SOME entertainment joints and liquor outlets are allegedly selling counterfeit distilled beverages — mainly whisky, brandy, gin and vodka — exposing imbibers to serious health risks, even death, The Sunday Mail can reveal.
Until recently, counterfeit distilled beverages were only available on the streets, but investigations show that popular nightclubs, bottles stores, pubs and even supermarkets are dispensing the same.
It has been further gathered that a well-knit cartel including staff at some ports of entry, business people, transporters and “runners” are behind this seemingly lucrative business.
The prices of the counterfeits range between US$5 and US$40.
Among some of the premium alcoholic beverages that are being counterfeited are Jameson, Johnnie Walker Red Label, Best and Grant’s.
Some business people running entertainment joints are also alleged to be engaging middlemen to smuggle the counterfeits into Zimbabwe from Mozambique, South Africa and Zambia.
Locals are also distilling the alcohol which is packaged as Best, Two Keys, Russian Bear and Viceroy among other brands popular in the country.
Social media was recently awash with allegations that some of the people that unknowingly consumed the counterfeits had died of suspected alcohol poisoning.
This came after a patron is alleged to have died of alcohol poisoning outside the premises of an upmarket nightclub in Borrowdale during the Christmas holiday.
Officials from the upmarket joint, however, distanced themselves from the unfortunate incident.
When The Sunday Mail visited the nightclub, officials from the Ministry of Health and Child Care were collecting samples of the suspected counterfeit beverages for analysis.
Who supplies the fake booze?
Sources told The Sunday Mail that the counterfeits that are finding their way into Zimbabwe are mostly manufactured in countries such as the United Arab Emirates, United States and Brazil.
Apart from restaurants and nightclubs, the fake beverages have become popular outside bottles stores, street corners and open-air entertainment joints, where they are sold from vehicles boots.
As part of the investigations, The Sunday Mail witnessed some of the fakes being packaged in Mbare.
The bottles were then carefully sealed to make them appear genuine.
A man who introduced himself only as Isaac said he has been in “this business” for two years.
“I get the alcohol in bulk from my source who is based in Mutare and I then repackage it for a profit. I only deal with those that buy from me in bulk,” Isaac said.
According to Isaac, some prominent businesspeople are also actively involved in this kind of business.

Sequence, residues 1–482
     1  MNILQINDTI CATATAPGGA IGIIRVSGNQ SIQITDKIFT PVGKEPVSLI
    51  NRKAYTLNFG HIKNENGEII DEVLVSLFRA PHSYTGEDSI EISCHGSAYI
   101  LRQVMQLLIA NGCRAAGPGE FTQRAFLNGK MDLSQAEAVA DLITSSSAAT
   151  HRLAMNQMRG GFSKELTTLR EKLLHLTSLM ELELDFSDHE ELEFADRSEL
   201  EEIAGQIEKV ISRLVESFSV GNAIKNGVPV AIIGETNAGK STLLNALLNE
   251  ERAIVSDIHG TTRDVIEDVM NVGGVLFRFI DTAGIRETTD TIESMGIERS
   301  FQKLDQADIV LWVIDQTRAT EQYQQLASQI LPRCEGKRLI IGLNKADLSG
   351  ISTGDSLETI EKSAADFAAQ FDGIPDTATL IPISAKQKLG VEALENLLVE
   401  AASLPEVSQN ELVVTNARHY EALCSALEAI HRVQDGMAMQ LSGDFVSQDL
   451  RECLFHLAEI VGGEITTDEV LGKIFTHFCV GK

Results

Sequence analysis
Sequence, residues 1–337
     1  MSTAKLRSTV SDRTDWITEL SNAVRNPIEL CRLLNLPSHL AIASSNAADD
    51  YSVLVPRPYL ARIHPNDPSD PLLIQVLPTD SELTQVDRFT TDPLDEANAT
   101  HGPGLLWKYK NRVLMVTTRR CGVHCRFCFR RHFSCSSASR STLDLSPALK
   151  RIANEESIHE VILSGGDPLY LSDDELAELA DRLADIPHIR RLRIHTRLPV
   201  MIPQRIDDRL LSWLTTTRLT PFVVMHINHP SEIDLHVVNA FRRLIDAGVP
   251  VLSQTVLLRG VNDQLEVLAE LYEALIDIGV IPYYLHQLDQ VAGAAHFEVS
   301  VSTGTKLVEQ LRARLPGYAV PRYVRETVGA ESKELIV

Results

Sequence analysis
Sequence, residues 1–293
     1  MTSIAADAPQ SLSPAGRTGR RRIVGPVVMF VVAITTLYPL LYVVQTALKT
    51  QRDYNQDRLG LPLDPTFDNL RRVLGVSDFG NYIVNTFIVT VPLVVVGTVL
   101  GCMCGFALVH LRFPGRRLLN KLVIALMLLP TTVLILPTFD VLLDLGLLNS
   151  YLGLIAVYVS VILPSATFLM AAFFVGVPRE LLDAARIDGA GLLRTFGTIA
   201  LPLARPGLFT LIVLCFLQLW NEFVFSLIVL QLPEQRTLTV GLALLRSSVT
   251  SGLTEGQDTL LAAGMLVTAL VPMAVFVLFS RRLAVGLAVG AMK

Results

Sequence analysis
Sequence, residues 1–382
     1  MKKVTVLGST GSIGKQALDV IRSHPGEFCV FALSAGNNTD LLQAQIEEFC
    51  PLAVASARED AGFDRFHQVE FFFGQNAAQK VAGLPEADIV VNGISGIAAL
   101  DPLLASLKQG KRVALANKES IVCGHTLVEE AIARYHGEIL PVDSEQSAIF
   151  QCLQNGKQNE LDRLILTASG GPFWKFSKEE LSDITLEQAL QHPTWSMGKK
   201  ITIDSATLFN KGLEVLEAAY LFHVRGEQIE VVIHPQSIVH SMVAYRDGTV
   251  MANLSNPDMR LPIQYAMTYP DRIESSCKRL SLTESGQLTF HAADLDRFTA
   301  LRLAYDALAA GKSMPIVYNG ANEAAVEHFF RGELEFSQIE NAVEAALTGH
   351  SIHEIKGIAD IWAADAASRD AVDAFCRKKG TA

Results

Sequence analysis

Isaac said he is supplied with alcoholic concentrates which are then mixed with methanol, an alcoholic chemical far more toxic than ethanol, before flavouring and colouring
Empty bottles from which genuine whisky has been consumed are collected from rubbish dumps, cleaned and packaged before fake seals are pasted on them.
According to Brian Maregedza, a whisky connoisseur, genuine whisky should have a “charcoal flavour” and it should not be hard on the throat.
Maregedza gave tips on how the general public could differentiate a fake from genuine whisky.
“Consumers should buy their whiskies from established liquor centres. They should also look out for the shape of the bottle and the branding. High-end whiskies can also be authenticated using smartphones by scanning bar codes,” Maregedza said.
Gibson Kawa said he collapsed and nearly died after consuming what he now suspects was fake whisky.
“It was not my first time to drink this particular brand of whisky. However, on that particularly day, I became dizzy and the next thing I woke up to see myself sleeping on the pavement,” Kawa said.
“In my eight years of drinking, I never came across something like that. I actually drank myself into a stupor, which is unusual. Something was wrong with that whisky.” Dr Admore Muringisi, a drugs and narcotics consultant, said commonly used substitutes for ethanol included chemicals used in cleaning fluids, nail polish removers and automobile screen wash.
Methanol and isopropanol, which are used in anti-freeze and some fuels, are some of the substitutes.
“These other types of alcohol can produce similar effects to ethanol in terms of making you feel tipsy. But they are also potentially very dangerous,” said Dr Muringisi.
He said drinking alcohol containing such chemicals could cause nausea and vomiting, abdominal pain, drowsiness, dizziness and can also lead to permanent kidney or liver damage.
Methanol, which, according to Dr Muringisi, can be used to produce fake vodka, may also cause permanent blindness.
Consumer activist and executive director of the Consumer Council of
Zimbabwe (CCZ) Ms Rosemary Siyachitema urged consumers to desist from buying products from unregistered businesses.
Police spokesperson Assistant Commissioner Paul Nyathi said the police were embarking on an operation to flush out those behind the counterfeit beverages.
“Recently, a man was arrested in Ardbennie, Harare, after he was caught illegally adding potent ethanol into alcohol. Anybody found on the wrong side of the law will be punished,” he said.
Assistant Commissioner Nyathi urged drinkers to buy liquor from registered and established retail outlets.
Efforts to get a comment from Dr Eve Gadzikwa, the Standards Association of Zimbabwe director-general, were fruitless as she was not picking up her phone.
Basing on our investigations, it is clear that there is a thriving market for counterfeit distilled beverages.
* More details next week as the story unravels.